Abstract 3811

Background:

Azacitidine is an effective therapy for high risk myelodysplastic syndrome (MDS). Neutropenic fever is a common life threatening complication during azacitidine therapy, however predicting it, is challenging. Despite a number of large scale prospective studies, there are no established indications for primary or secondary prophylactic antibiotics or for the use of granulocyte colony-stimulating factor (G-CSF) (Pierre Fenauxa et al. Leukemia Research 2010). We used a retrospective survey of 98 high risk MDS and AML patients treated with Azacitidine, to develop a predicting model for infection during each cycle of Azacitidine therapy.

Methods:

We retrospectively studied 82 high risk MDS and 16 AML patients treated with 456 azacitidine cycles between 9.2008 and 7.2011at 11 institutions from Israel. Information, of complete blood count, creatinine and liver enzymes was documented prior to initiation of each cycle.

Results:

Patients' median age was 71 (range 27–92) and 57 (58%) of them males. Poor cytogenetic abnormalities were detected in 30.8% (25 of 82 patients with available cytogenetic) and 65 (67%) were transfusions dependent. The median interval between the initial diagnosis and the initiation of azacitidine therapy was 187 days (range 4 days – 18 years). Azacitidine was administrated as first line therapy in 24 (24%) of patients, 37 (38%) had failed growth factors, 5 (5%) were relapsing after allogeneic transplantation and 32 (33%) were given different chemotherapies prior to azacitidine therapy. Doses and schedule of azacitidine data were available for 98% (446/456) of cycles. The prevalence of 7 days cycles of 75mg/m2, 5 days cycles of 75mg/m2 or attenuated doses were 50.4%, 30%, 16.9% respectively.

Adverse events were obtained from patient's charts. 13 major bleeding and 78 infections episodes (2.85% and 16.9% of all cycles) were recorded. Due to the low number of bleeding events we focused on factors predicting infection episodes. Infection rates of 22.7%, 14.2% and 6.9% correlated with azacitidine dose (75mg/m2x7d Vs 5d) and lower respectively). Excluding 87 cycles of doses lower than 75mg/m2 for 5 days, predictors of infections were evaluated in 369 cycles.

Nine parameters were included in final analysis: age, sex, cytogenetics, being transfusion dependent prior to first cycle, time from diagnosis to the first cycle, azacitidine dose and neutrophil, thrombocyte and creatinine values prior to each cycle. The odd ratio off infections related to neutrophils count was higher than ANC, so we used neutrophils counts as a predictor. For each cycle we considered full 7 days Vs 5 days schedule, neutrophil above or below 500 cells/mcl, platelet above or below 20,000 cells/mcl and creatinine level prior to the first day of cycle. In univariate analysis neutrophil below 500, platelet below 20,000, creatinine level, azacitidine dose and being transfusion dependent were correlated with infection. In a multivariate analysis (table 1) transfusion dependency and platelets lower than 20,000 were the only significant parameters. Risk of infection was higher when a full seven days cycle was administrated but haven't reach statistical significance (p=0.07).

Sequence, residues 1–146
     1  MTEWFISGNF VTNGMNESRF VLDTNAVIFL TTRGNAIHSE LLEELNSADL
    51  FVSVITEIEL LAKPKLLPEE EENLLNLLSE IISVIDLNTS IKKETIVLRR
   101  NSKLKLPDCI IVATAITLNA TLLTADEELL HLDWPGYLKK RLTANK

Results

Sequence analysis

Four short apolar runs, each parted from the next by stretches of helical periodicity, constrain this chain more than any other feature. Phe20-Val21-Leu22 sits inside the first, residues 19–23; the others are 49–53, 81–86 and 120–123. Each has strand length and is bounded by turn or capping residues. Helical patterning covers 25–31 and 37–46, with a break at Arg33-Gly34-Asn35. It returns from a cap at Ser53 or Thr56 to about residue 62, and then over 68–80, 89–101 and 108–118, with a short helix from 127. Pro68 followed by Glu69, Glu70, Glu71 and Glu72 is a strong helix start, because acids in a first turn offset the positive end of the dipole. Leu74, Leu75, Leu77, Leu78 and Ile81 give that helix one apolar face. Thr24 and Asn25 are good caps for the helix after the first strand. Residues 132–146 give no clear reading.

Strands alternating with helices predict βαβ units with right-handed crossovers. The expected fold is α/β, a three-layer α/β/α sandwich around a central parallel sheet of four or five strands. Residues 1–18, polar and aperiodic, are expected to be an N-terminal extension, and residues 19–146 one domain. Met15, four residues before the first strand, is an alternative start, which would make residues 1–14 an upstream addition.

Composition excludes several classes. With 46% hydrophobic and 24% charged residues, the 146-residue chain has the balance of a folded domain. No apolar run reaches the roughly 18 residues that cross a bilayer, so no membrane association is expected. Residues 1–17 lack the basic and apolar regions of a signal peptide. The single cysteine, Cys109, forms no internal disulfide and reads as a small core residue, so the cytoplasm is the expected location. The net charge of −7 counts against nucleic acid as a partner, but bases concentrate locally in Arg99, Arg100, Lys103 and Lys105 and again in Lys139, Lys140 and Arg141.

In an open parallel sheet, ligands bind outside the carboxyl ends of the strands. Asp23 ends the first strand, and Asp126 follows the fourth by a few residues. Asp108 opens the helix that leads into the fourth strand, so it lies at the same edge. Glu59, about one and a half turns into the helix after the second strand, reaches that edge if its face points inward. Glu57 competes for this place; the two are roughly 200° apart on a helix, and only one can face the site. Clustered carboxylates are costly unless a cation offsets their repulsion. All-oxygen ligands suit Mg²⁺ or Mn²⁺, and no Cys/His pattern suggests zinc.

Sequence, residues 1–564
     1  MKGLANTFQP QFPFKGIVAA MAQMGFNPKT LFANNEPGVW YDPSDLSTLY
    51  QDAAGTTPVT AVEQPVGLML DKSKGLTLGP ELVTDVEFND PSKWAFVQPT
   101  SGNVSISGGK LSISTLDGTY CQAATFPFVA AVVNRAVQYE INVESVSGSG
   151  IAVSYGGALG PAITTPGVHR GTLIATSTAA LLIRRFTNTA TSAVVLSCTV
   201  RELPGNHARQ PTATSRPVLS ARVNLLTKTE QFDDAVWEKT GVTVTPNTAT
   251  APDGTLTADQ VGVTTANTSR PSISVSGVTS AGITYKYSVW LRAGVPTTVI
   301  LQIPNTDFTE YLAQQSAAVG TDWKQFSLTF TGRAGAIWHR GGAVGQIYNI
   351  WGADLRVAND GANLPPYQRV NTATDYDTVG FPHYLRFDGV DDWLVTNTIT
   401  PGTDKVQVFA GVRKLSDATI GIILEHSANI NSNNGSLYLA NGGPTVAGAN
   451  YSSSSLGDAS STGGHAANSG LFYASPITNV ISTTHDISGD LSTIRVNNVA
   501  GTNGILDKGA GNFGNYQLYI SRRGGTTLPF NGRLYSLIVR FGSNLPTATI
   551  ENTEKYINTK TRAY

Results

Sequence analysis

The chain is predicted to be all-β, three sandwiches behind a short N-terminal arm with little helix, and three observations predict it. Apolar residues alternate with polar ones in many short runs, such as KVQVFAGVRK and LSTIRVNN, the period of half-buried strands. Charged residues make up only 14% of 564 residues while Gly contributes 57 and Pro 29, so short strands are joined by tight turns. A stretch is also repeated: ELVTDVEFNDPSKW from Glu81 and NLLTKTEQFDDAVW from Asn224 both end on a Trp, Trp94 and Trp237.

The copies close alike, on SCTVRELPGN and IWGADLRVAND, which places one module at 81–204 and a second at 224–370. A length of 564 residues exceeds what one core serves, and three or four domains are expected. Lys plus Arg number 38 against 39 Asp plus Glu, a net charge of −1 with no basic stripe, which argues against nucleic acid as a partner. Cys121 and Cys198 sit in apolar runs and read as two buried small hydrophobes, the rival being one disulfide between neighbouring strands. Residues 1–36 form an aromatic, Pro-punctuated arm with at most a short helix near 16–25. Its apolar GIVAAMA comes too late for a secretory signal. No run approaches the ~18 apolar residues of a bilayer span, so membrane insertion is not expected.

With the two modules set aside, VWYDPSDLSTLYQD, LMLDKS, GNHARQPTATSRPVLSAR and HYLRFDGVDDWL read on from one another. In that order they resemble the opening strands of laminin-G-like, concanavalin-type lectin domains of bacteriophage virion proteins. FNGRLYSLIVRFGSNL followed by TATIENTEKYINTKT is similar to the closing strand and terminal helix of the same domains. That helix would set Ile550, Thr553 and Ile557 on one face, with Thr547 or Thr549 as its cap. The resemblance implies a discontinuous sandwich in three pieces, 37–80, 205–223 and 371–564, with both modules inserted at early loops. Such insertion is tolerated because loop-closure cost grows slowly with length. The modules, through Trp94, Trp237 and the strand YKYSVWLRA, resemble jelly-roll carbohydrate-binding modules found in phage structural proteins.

Table 1
Sig.Odd ratio95% C.I
Transfusion dependent .007 3.783 1.43–10.02 
platelet <20000 .029 2.262 1.1–4.7 
Sig.Odd ratio95% C.I
Transfusion dependent .007 3.783 1.43–10.02 
platelet <20000 .029 2.262 1.1–4.7 
Conclusions:

Transfusion dependency prior to first cycle and platelets lower than 20,000 prior to each cycle, are the main significant risk factors for infections during azacitidine therapy. Neutropenia and age are known risk factors for infections in general, but were not significant in our study. We assume that in high risk MDS patients when most off the patients are old and neutropenic, thrombocytopenia is a surrogate marker of disease status which makes the patient more prone to infections. Therefore physicians should considerer these two parameters prior to every azacitidine cycle as guidance in the debate of concurrent prophylactic antibiotics, G-CSF or a tolerable dose of azacitidine. Our findings should be confirmed in a larger sample set but may pave the road for prospective studies of infection prophylaxis during azacitidine therapy.

Disclosures:

No relevant conflicts of interest to declare.

Author notes

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Asterisk with author names denotes non-ASH members.